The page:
Skip to main content

Getting Started with Grading Rubrics

A rubric is a tool for assessing student work, either individually or as a group. Rubrics are scales that define the criteria used in grading or assessment, clearly spelled out along a continuum (for example, poor to excellent, novice to expert). They can be classified in two general categories:

  • Analytic rubrics, which use separate scales for each learning outcome being assessed. For example, an analytic rubric used to assess a student’s essay may have separate scales for Organization, Use of Sources, Mechanics, and Clarity.
  • Holistic rubrics, which use a single scale to assess the assignment as a whole (that is, all learning objectives collectively). For example, a holistic rubric used to assess a student’s essay may have a scale ranging from a grade of F to A, with criteria specifying the defining characteristics of an A essay, a B essay, a C essay, and so on.

What are the benefits of using rubrics?

Rubrics can enhance both the effectiveness of grading and its efficiency. According to the Graduate Student Instructor Teaching & Resource Center at the University of California–Berkeley, rubrics enhance effectiveness (and student learning) by doing the following:

  • anchoring grading to specific learning objectives, rather than more subjective, distracting considerations of rank or effort
  • improving assignment design by clarifying desired learning outcomes
  • contributing to fairness and consistency across sections
  • reducing student anxiety about the subjectivity of grading

Rubrics enhance an instructor’s efficiency by doing the following:

  • narrowing the field of evaluation to desired learning outcomes
  • facilitating constructive written comments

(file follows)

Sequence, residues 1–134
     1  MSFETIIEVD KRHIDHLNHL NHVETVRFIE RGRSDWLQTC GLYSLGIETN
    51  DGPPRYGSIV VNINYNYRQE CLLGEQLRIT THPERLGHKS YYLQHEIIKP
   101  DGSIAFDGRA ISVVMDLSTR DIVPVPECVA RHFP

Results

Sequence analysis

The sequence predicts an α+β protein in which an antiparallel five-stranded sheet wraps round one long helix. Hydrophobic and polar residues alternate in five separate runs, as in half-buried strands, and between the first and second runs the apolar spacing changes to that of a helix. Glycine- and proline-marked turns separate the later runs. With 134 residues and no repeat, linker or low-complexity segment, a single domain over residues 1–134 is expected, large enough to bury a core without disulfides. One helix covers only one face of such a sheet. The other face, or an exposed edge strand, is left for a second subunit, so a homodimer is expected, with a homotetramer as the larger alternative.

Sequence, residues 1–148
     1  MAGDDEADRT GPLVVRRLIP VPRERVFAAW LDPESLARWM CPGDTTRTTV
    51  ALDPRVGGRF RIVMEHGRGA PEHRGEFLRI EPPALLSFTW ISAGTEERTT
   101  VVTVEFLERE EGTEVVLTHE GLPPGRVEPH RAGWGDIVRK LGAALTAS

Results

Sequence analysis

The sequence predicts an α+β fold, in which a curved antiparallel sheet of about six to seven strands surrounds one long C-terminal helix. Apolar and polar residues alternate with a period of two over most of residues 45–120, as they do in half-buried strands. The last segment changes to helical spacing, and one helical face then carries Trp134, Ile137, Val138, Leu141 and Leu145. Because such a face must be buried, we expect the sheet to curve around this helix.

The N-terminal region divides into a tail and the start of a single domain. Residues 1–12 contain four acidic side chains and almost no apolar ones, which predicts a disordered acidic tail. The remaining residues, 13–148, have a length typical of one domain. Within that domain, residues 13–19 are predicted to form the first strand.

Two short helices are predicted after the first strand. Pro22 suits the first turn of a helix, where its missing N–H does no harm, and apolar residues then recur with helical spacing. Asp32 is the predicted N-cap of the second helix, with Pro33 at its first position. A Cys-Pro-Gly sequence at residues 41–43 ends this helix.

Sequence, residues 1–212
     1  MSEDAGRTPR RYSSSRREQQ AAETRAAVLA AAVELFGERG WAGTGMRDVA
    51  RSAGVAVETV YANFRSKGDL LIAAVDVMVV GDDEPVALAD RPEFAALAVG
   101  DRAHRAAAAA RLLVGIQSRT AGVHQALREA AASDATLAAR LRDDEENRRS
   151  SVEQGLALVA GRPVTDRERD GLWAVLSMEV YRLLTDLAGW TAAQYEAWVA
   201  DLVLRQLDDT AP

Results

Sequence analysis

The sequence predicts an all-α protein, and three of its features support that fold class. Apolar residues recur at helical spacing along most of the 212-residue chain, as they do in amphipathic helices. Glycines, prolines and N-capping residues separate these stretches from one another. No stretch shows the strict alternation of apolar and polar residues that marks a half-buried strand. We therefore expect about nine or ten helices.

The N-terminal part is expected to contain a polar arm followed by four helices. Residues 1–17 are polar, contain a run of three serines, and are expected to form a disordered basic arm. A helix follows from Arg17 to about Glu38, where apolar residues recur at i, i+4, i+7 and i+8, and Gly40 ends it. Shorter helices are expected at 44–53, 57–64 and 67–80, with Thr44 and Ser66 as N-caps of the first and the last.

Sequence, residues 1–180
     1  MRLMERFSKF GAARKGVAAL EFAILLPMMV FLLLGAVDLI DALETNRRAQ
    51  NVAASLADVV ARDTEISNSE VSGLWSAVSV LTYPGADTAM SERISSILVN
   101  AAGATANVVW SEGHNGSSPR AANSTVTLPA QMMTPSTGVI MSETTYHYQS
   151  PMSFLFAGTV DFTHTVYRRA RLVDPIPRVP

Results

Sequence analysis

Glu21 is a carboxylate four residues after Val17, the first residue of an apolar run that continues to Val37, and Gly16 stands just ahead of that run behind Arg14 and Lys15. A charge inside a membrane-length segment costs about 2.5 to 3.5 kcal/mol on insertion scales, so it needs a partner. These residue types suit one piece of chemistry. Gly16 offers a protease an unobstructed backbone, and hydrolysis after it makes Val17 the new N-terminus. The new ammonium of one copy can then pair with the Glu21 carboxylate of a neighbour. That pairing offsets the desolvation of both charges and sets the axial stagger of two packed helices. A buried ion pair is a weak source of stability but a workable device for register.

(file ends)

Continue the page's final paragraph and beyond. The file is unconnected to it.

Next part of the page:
• reducing grade challenges
  • reducing graders’ anxieties about grade inflation and the subjectivity of grading

What is the process for using rubrics?

Using rubrics is an iterative, recursive process that begins with a thoughtful review of your learning objectives, proceeds to decision-making about what type of rubric to use and how to define its criteria, and continues on to applying the rubric and evaluating its effectiveness and suitability, making changes afterward to the rubric, your teaching methods, or both. This process is discussed in greater detail on this web site maintained by the Graduate Student Instructor Teaching & Resource Center at the University of California–Berkeley.

Additional Resources

The resources below contain a wealth of information about developing, using, and evaluating grading rubrics, along with numerous examples of rubrics from a variety of disciplines.

DePaul Teaching Commons: Rubrics
A thorough, clearly written discussion of rubrics, including three types of rubrics with examples of each (analytic, developmental, and holistic). Other sections cover creating and evaluating rubrics. The site also contains numerous examples of rubrics for assessing student performance in the following areas:

  • class participation
  • collaborative learning
  • critical thinking
  • e-Portfolios
  • experiential learning
  • online learning
  • undergraduate research
  • writing

Graduate Student Instructor Teaching & Resource Center, University of California–Berkeley
A practical introduction to grading rubrics, with a comprehensive discussion of the process of creating and using rubrics. Also contains examples of rubric creation and practice exercises in creating and using rubrics.

VIDEO: Designing Rubrics Workshop

This workshop was presented at DePaul University by a regional expert in the design and use of rubrics, Dr. Ranfen Li from the University of Illinois at Chicago. (Running Time: 50 minutes)

 

Online Rubric Generators